Forums

Electrify America is having issues with 150 kW and 350 kW cables and plugs.

Electrify America is having issues with 150 kW and 350 kW cables and plugs.

I was recently looking at CHAdeMO ( I just bought the CHAdeMO adapter for my Model S) locations in CT, and saw this:

https://www.plugshare.com/location/152893

Posted under the Electrify America post from Jan 25, 2019:

"Electrify America was recently informed of a potential safety concern by the supplier of a high powered cable used at some of the chargers at this location. The safety of our customers is our top priority. In an abundance of caution, the 150kW and 350kW CCS chargers at this location that are equipped with this cable have been disabled while the concern is investigated. The potential concern only affects chargers equipped with this cable and does not include any of the 50kW chargers or CHAdeMO units at the station. We will update this post when more information is available. More information can be found on our website at www.electrifyamerica.com/news-updates."

Or here:

https://elam-cms-assets.s3.amazonaws.com/inline-files/Electrify%20Americ...

Wow! Imagine if Tesla had released a super charger plug and cable with issues like this. The press would be all over it.

jordanrichard | 28 gennaio 2019

Hopefully this is just a one time issue that will be resolved with better cables. If it is not and there is indeed an issue with pushing that much power through a cable, this has a bigger impact.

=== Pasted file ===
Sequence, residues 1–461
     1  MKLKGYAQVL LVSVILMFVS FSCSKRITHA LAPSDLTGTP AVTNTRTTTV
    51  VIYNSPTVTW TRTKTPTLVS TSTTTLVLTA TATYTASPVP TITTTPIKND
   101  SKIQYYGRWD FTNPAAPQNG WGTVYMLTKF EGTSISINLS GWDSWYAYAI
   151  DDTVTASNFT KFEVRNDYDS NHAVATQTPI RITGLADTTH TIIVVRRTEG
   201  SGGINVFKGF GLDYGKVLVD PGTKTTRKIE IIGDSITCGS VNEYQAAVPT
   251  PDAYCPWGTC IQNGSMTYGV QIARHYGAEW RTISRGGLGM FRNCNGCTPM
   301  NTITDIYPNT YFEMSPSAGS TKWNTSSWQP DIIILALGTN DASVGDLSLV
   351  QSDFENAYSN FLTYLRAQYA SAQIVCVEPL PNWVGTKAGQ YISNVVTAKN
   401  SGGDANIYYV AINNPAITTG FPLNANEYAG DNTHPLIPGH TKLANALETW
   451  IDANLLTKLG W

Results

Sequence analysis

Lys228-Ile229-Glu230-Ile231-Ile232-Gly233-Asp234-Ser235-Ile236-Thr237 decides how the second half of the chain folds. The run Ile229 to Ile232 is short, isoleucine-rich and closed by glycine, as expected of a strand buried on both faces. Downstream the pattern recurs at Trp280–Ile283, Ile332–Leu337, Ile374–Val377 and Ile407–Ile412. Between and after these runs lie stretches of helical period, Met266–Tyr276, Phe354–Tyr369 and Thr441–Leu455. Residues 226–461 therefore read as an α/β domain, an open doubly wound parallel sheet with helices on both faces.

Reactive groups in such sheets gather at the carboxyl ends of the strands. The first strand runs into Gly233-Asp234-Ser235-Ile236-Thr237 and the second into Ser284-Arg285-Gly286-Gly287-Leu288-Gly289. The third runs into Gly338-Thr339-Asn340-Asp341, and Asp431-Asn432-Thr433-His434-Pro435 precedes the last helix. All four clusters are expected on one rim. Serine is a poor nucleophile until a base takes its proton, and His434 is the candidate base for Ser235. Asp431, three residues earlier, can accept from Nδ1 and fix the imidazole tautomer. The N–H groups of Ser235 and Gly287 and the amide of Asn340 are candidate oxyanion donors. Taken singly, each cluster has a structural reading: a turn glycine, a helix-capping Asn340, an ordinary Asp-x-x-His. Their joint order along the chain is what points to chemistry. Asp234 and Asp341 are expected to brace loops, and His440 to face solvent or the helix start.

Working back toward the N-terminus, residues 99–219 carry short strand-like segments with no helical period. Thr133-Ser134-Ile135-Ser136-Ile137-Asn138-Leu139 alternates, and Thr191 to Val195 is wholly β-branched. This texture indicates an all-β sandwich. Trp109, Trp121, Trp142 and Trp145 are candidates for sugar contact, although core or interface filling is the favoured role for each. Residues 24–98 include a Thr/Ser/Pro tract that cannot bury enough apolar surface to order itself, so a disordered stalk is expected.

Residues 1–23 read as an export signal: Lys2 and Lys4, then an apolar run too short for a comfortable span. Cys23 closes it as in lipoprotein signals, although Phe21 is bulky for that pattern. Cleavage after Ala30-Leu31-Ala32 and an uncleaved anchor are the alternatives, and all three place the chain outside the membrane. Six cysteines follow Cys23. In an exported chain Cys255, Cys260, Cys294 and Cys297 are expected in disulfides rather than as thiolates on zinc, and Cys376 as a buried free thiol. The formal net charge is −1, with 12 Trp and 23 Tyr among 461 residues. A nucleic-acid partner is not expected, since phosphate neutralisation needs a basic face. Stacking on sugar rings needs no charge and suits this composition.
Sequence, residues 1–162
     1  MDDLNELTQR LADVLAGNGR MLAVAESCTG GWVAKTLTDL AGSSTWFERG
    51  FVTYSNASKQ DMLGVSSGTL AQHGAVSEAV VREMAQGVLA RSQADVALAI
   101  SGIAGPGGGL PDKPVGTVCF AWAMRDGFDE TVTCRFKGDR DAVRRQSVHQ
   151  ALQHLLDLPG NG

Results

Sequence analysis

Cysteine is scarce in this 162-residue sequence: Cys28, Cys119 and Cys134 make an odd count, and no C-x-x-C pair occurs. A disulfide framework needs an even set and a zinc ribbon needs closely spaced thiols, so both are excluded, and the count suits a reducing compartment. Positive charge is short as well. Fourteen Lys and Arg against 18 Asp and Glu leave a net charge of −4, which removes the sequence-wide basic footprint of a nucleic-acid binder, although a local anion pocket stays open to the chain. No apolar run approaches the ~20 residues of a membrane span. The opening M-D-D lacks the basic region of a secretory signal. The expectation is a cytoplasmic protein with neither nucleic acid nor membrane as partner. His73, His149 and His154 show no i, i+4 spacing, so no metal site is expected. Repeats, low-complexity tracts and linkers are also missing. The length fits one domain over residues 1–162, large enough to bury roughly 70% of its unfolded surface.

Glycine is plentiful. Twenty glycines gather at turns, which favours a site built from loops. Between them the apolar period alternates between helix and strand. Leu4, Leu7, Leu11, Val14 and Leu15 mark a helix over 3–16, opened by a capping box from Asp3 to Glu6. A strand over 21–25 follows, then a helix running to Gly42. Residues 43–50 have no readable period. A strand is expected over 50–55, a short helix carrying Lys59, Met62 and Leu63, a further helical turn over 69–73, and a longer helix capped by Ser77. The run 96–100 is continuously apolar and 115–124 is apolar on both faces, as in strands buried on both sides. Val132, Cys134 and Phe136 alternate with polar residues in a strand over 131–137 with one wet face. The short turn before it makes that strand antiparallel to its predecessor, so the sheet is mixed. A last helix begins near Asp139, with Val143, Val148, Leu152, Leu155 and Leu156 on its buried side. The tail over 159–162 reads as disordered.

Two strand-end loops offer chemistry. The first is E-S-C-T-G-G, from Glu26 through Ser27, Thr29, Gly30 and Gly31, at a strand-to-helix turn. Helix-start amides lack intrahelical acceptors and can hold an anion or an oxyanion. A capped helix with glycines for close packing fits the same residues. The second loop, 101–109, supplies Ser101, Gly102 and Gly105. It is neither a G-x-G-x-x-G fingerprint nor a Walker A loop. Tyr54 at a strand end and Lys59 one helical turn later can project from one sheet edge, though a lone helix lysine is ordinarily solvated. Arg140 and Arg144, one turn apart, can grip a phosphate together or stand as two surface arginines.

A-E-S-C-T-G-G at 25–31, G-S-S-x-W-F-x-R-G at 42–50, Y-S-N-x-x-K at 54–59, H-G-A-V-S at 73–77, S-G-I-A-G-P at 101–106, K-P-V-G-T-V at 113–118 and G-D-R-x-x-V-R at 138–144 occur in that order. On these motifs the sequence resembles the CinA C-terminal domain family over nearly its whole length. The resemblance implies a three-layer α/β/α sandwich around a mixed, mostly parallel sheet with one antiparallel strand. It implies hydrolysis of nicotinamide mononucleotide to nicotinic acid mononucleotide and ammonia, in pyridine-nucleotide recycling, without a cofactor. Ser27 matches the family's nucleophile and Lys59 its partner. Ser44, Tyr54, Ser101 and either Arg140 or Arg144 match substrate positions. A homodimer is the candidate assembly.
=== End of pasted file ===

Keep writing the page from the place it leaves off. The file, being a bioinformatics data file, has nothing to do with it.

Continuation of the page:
All of the so called Tesla killers by the competition, stake their claims of charging speed on the ability to charge at 150 kw. One is particular is the Audi E-Tron. They boast on their website that you can charge up the E-Tron to 80% in 30 mins. They make the point that is faster than what it takes for a Model X using a Tesla charger at 120kw. However, that is based on a 150kw charger. Also of course they are leaving out the fact that the X has a larger battery.

PrescottRichard | 28 gennaio 2019

Yup. That’s what Tesla gets for being the tip of the spear.

reed_lewis | 28 gennaio 2019

Furthermore there are very few of these faster locations in the country. The numbers are less than 100 stations, and the stations are usually about 6 total ports.

Until they have anything close to the Tesla Super Charger network, they are an also ran. Plus the prices are start at $1 per session, and 30 to 35 cents a minute. On a 150 kW connection that means that power costs 12 cents/ kWh But on a 40 kW connection (which is what most people will use), electricity costs 45 cents/kWh. That is expensive!

stevenmaifert | 28 gennaio 2019

At least Electrify America is being up front about the issue. When Tesla has a Supercharger issue, they fix it quietly and normally don't comment unless asked: https://electrek.co/2016/07/21/tesla-ends-its-thin-liquid-cooled-superch... “We changed the cables to unify service procedures and parts across all current Supercharger sites.” Translation: They didn't work so we got rid of them.

TeslaTap.com | 28 gennaio 2019

@steven - I loved those Tesla liquid cooled cables. There were much thiner and lighter. Not sure the reason they got rid of them. They did work fine, but perhaps they had maintenance issues, or even a patent issue (i.e. violated someone's patent, so they had to remove them). I think they were in place for about 2 or 3 months and never heard of a problem in actual use.

Yodrak. | 28 gennaio 2019

"I loved those Tesla liquid cooled cables. ... Not sure the reason they got rid of them."

So, Tesla tried liquid-cooled charging cables and abandoned them, and now Electrify America is using liquid-cooled charging cables and is having a problem with them? I wonder if there's a root cause here.

I also wonder what will happen when vandals try to cut the Electrify America charging cables like they did several Tesla supercharger charging cables recently. What is the coolant, and what kind of damage might be done to the charging unit or the environment when the coolant leaves the one and enters the other through a cut in the cable?

Earl and Nagin ... | 28 gennaio 2019

@stevenmaifert,